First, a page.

As we all know, in recent years the IT sector has been going through it’s golden era. However, an unsettling thought is that the number of women working in technology is significantly lower than most other sectors in the UK. A mere 17% of workers in Technology in the UK are female. Furthermore, only 7% of students taking Computer Science as an A-Level are female. Another startling statistic is that only half of the girls that study IT and Technology subjects at school go into a job in that field.

As a tribute to all of those female professionals who fight to improve this statistic on a daily basis, we present a list of some of the most influential women in Technology.

Baroness Joanna Shields, OBE

Baroness Joanna Shields is very well known as a ‘technology industry pioneer’ and the founder of a movement called WeProtect, which was created with the goal of ending the sexual exploitation of children online.
She is also the former Minister for Internet Safety and Security, and a Life peer in the House of Lords. Baroness Shields also became the Prime Minister’s Special Representative on Internet Safety in September of 2017.
She has also previously had successful careers at Google, Bebo and Facebook.

Marta Krupińska

Marta is the Manager and Co-founder of Azimo, which is a money transfer startup company which was founded by Marta and 3 other people. According to her LinkedIn profile, Marta describes herself as a ‘Tech entrepreneur, proud migrant and diversity advocate.’ She was incredibly recognised in 30Under30 by Forbes in 2016, and in the Evening Standard as one of London’s Most Influential People in 2017.
Since the launch of Azimo in 2012, it has allowed customers to send money to banks, mobile phones and home delivery in approximately 190 countries across the world, and has over 1 million users worldwide.

Wendy Tan White, MBE

Wendy was a partner at BGF Ventures, a General Partner at Entrepreneur First and Co-founder and CEO of Moonfruit.
Furthermore, she is a trustee for The Alan Turing Institute and a member of the Government Digital Advisory Board.
She was proudly awarded an MBE in 2016 for her services to technology and business and she continues to share her advice on some obstacles that she faced while scaling a digital business.

Michelle Kennedy

Michelle is the CEO and a Co-founder of Peanut, which is a matchmaking app for like-minded mothers. She previously worked as deputy CEO and Badoo, which is a large and fast-growing social network. Peanut’s website states that they´re “on a mission to build a community of women, who happen to be mamas.”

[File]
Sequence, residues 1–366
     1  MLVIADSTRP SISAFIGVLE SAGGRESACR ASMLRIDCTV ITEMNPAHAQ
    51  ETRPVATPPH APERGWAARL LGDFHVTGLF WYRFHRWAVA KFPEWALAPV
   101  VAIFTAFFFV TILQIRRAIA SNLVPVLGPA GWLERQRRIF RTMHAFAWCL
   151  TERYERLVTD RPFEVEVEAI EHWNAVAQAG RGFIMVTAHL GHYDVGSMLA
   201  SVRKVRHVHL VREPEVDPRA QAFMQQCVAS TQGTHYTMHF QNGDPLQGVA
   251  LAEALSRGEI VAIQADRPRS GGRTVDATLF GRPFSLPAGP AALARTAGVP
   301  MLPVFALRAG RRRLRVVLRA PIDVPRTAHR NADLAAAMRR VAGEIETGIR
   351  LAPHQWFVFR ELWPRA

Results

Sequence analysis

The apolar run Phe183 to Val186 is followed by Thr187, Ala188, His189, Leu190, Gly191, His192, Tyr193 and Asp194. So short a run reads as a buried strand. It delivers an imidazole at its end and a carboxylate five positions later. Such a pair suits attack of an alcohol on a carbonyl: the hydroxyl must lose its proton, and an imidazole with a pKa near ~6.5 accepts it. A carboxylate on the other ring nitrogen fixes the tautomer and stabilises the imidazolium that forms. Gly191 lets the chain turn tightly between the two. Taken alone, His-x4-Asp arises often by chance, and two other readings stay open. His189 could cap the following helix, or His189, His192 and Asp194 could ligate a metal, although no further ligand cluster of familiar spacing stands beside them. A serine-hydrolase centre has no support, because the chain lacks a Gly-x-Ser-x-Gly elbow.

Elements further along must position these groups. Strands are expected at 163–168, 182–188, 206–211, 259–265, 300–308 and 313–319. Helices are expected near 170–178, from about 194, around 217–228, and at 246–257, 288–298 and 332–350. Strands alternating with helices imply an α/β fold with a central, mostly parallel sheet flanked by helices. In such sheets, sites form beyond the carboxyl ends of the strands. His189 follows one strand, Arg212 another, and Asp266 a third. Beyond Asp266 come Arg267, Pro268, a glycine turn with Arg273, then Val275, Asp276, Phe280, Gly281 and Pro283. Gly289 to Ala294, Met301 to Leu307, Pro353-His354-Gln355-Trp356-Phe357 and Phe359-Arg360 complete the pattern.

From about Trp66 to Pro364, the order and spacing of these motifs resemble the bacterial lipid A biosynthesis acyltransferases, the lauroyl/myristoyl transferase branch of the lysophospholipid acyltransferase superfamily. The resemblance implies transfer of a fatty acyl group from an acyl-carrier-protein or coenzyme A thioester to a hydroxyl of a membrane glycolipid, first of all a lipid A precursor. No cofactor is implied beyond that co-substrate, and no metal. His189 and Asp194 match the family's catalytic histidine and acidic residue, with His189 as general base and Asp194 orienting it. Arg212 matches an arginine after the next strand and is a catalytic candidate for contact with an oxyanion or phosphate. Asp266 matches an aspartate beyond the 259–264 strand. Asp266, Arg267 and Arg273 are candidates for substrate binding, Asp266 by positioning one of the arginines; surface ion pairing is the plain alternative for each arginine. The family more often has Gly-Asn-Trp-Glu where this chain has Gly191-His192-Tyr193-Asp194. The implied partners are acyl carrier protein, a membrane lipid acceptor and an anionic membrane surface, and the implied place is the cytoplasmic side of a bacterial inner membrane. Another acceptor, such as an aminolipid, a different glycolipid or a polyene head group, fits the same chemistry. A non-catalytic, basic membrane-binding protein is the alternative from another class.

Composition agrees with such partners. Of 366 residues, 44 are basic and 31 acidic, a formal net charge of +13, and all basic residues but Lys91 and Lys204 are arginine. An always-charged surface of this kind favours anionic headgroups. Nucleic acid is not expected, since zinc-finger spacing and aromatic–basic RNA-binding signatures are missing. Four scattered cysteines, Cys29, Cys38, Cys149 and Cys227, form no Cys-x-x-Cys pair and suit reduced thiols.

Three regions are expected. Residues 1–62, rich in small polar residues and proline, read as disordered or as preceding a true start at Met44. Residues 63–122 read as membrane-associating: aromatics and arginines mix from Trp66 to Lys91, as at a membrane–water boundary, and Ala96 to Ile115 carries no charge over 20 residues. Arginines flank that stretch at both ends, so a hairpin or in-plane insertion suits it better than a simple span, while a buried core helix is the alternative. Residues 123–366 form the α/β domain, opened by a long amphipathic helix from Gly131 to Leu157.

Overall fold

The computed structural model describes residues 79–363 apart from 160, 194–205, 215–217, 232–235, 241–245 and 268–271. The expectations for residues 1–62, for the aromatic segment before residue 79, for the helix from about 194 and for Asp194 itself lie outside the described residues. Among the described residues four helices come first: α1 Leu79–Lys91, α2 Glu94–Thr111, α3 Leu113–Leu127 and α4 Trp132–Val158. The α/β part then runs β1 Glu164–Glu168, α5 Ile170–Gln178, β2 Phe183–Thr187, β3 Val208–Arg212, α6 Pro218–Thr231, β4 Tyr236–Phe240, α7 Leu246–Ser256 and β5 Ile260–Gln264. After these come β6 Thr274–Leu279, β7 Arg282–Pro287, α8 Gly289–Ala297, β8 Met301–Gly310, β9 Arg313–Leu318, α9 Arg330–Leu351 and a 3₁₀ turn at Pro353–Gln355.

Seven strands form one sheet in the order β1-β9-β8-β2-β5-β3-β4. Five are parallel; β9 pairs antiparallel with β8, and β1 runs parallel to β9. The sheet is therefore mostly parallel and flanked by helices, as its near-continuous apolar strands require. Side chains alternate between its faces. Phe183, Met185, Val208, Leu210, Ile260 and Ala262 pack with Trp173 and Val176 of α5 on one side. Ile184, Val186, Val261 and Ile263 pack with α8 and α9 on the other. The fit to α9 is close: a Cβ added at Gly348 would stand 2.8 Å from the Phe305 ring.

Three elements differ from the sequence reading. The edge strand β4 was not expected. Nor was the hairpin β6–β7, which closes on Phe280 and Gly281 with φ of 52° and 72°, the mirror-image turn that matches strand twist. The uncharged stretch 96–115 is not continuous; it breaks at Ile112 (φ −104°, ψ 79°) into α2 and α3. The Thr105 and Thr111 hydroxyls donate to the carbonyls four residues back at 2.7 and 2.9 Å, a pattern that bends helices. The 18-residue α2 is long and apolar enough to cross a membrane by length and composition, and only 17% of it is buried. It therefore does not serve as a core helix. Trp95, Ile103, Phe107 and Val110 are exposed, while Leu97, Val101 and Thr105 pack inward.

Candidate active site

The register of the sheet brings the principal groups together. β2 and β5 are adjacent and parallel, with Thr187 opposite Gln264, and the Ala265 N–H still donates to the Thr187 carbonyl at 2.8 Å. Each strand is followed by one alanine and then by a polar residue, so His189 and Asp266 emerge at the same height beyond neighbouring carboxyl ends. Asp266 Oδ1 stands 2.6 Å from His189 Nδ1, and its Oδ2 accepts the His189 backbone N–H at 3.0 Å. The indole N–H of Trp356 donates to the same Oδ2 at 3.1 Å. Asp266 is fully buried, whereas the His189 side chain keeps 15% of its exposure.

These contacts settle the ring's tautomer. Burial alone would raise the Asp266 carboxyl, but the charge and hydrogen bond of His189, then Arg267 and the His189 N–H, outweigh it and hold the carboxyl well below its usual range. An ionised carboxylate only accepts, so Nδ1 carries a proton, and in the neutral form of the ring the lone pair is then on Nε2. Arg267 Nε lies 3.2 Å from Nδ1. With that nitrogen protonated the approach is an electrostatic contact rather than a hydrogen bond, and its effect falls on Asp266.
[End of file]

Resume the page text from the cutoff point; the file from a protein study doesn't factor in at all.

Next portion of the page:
When Michelle became a new mother, she felt isolated and alone, and she told The Independent that she decided to transform her emotions into an opportunity and launch Peanut. Since the launch over a year ago, the app has over 300,000 mothers who have swiped profiles over 19 times and sent more than a million messages to each other.

Eileen Burbidge, MBE

Eileen Burbidge is a Co-founder of investment fund Passion Capital in 2011 and since then, Passion Capital has invested in a series of successful London-based companies such as GoCardless and Smarkets.
Eileen was given an MBE in the Queen’s birthday honours list in June for her services to business, and then in July, Eileen was named the UK Treasury’s special envoy for fintech, a type of technology that London is particularly famous for due to the sector’s relation with banks and politics. She was also named as one of PM David Cameron’s business advisors.
2015 was the year when Eileen really became the face of London tech, this year was when she took the job of Chair of Tech City UK, which is a famous organisation that works to promote tech startups in the UK. Eileen has had profiles done in The Guardian, Techworld and The Evening Standard.
Eileen has also previously had successful careers working Apple, Yahoo and Skype.

Just as it was quoted in the film Mad Max: Fury Road, “Hope is a mistake. If you cannot fix what is broken… you will go crazy”. All workers in the technology sector, of all ages, genders and professions, must work together to fight the barrier between men and women. Women deserve to have the same salaries and opportunities as the men in the sector. Women deserve to be treated as equals.